The merits of a backup plan….
I am sitting in the eye of the storm typing. I have no power, therefore no phone, lights or water (as the borehole pump is out). There is a sink full of washing up which I can’t do and I can’t take a shower either – lovely, if you smell of horses! Funny how little things like that can be stressful. The fridge and freezer are out as well. I have checked the ridiculously large number of fuse boards in the house and on the yard and nothing has tripped, so I assume it’s a lack of mains power and that I am not the only one who has been affected in the valley. Winds have been raging at 90-100 miles per hour since last night. I struggled to muck out this morning (in torrential rain, as well as wind) and I am meant to be writing a press release to launch this website but I won’t be able to send it to anyone as I have no internet!
The horses are used to the wind so Talisman braved the walker first thing (briefly and begrugingley) and they are now out in the field for a couple of hours in as many rugs as I could put on them, as they are probably safer out than in – I have had roof repairs done to the stables but the wind noise is horrendous.
The plastic covering protecting the Cruck barn whilst it is awaiting repair, has come away on one side and is flapping dangerously. So a ‘mayday’ text was sent (before I lost connection) to roofer Sion. Fingers crossed he comes, or the whole lot will be off. Slates have been flying off the roof all morning.
Whilst mucking out, I noticed pieces of timber on the yard and couldn’t figure out where they had come from until I checked the garden and found a pile of debris on the lawn. I still couldn’t figure it out, thinking it must have come off one of my buildings. Then I noticed a neighbouring barn was missing a large section of roof and the back wall which, it seems, went airborne and landed on the roof of my Cruck barn (the good bit) which now has a hole in it. Good grief!!
Feeling a bit better for a coffee (at least the Rayburn still works) and cake, of course, I’m went out to start the generator. Thank God for the back-up plan and, joy, as I headed out Sion the roofer arrived. Using hand signals only, as it was impossible to be heard in the wind, he climbed up on the roof and re-nailed the plastic covering – what a saint! “The worst must be over” I thought (and prayed)….
But no! The generator started though to my horror, nothing would run on it, not even a light bulb. My heart sank. It’s new and powerful so clearly there was an electrical fault. I would have to drive into the town to phone the electrician. First, I needed to get the boys in. As I headed off to the field, I was chased by the cowl which had just flown off the chimney connected to the Rayburn, so that was another fix to add to the growing list. I went back to check the kitchen and it was already smelling of burning oil with the wind pushing fumes down the flu. So the one warm room it the house was now uninhabitable – great! At least I could light the wood burner later.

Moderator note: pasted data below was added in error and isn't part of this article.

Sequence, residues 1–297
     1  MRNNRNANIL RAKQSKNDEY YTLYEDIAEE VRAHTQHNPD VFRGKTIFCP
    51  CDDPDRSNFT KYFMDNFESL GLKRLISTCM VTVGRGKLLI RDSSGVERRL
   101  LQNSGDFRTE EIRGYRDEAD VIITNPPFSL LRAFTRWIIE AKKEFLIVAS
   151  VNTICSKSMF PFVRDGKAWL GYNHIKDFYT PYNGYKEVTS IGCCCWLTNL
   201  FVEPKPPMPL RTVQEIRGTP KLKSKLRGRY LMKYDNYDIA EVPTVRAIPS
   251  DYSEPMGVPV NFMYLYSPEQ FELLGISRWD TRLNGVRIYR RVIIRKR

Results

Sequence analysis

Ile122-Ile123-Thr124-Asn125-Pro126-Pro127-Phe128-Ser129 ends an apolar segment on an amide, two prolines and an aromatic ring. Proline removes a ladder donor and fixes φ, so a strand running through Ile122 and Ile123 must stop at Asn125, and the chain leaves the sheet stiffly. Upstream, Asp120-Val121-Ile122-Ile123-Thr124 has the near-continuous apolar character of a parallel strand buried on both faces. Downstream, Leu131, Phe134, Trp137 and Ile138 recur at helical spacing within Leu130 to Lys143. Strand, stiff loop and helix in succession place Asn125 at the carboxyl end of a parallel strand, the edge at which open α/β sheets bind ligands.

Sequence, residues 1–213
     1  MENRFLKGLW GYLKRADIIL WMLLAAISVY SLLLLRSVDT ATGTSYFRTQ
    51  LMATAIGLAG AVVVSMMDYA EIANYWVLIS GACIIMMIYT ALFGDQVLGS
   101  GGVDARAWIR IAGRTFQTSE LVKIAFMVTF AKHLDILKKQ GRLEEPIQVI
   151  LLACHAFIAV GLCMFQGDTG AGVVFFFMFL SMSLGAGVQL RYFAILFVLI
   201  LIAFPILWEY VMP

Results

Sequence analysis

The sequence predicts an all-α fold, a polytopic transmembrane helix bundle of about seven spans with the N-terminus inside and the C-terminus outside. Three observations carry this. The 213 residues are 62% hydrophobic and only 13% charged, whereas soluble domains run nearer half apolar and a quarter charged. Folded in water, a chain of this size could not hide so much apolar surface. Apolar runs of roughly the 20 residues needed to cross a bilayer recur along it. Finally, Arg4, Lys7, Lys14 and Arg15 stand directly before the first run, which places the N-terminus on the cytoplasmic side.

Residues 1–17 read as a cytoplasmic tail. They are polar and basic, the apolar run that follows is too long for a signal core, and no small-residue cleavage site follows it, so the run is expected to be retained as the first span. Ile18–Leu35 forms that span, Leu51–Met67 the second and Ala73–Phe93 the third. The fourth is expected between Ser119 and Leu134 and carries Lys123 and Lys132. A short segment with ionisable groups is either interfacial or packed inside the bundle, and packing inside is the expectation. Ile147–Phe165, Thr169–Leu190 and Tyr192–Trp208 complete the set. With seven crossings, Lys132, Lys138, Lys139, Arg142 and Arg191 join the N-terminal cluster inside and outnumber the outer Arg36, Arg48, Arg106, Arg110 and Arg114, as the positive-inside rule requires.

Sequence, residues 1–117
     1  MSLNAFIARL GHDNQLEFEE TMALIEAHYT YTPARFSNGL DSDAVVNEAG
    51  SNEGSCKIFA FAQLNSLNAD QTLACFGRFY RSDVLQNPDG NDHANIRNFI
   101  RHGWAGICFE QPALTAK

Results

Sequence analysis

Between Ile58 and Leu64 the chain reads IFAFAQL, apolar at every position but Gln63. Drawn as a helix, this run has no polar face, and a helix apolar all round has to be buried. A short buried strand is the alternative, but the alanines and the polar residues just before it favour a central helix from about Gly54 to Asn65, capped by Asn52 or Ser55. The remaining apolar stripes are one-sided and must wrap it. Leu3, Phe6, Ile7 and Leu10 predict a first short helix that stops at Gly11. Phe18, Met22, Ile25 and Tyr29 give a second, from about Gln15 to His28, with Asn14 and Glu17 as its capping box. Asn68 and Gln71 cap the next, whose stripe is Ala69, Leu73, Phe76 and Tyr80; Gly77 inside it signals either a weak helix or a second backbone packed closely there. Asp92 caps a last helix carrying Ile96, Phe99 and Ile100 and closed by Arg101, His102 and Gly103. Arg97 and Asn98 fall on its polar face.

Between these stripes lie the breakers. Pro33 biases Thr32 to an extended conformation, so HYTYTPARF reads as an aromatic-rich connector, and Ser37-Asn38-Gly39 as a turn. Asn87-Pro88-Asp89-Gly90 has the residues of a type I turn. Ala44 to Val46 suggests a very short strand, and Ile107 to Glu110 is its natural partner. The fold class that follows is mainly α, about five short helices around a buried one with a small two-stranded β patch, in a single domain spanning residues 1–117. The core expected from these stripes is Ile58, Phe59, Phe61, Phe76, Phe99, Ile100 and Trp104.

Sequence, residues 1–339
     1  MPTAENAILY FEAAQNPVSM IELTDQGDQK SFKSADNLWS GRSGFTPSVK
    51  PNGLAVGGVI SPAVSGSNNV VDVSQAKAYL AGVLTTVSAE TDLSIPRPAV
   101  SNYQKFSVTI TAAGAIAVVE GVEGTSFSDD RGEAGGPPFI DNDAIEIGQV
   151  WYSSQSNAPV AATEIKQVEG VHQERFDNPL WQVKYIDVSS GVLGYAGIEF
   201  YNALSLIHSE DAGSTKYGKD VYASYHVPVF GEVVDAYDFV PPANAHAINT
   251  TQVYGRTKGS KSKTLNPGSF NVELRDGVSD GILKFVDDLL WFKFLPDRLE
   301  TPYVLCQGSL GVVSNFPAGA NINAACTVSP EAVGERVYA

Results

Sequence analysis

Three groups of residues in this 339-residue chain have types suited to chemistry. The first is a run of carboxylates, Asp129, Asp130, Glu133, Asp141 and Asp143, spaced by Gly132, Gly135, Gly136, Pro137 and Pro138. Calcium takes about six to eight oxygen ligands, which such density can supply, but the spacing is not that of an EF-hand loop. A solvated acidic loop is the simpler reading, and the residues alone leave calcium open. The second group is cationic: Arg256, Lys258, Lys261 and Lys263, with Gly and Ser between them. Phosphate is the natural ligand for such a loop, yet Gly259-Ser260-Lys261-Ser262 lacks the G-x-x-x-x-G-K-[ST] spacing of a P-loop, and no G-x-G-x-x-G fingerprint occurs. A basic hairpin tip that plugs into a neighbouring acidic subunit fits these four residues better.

However, there was a grand finale still to come and as I went down the hill to get the horses, I saw it! The field shelter was positioned one whole field further away than it had been two hours earlier when I turned the boys out! For the second time in as many weeks it had left the ground, this time doing two complete somersaults (judging from the marks on the ground) and landing on the bank of the stream at the very bottom of my land, a total wreck! The guttering that had been damaged in its inaugural flight during the previous gale had only just been fixed and, having had it for all of six months, it was now a write-off with the metal frame bent and broken, the roof crushed and debris scattered around the field.
Worse still, the horses had witnessed the acrobatics as they were in the field next door. Talisman was calm and had clearly only dug a hole to roll. Taz, on the other hand, was in a state of high anxiety and had trashed his paddock completely and now wouldn’t be caught. So two trips up the hill in the ferocious wind were required and, with no hose, muddy legs were washed off with a sponge using freezing water from the yard butts. An anxious friend arrived to check I was OK and I burst into tears!
Later on, I made the trip to town to phone a few people and get provisions in. I also bumped into Mike (the ‘bird man’ and man of many talents). He returned home with me to look at the generator and managed to get it running a bit, which was a relief. With just an hour of light left and the gale easing to a normal ‘super-windy’ Welsh day, I tacked Talisman up and headed out to do a fitness trot up the ‘hill from hell’. At least that was one positive thing. Horses to bed, fire lit and supper cooked on the Rayburn (wearing a mask!), I am typing again, this time by candlelight.
After all the excitement of the day, a power-nap beckons with Bryngywn in front of the fire before going out to tuck the horses up. With no internet, I can’t do anything else so I am finally going to get that all elusive early night. How poignant that it has been an extreme rewilding day on the very day I was going to launch my new site of the same subject. How we take for granted the simple conveniences of life, such as electricity! What on earth was it like 500 years ago in the extreme Welsh weather when the property was built? Thankfully, we (the animals and me) survived and I had a dry run of my backup plan which was found wanting!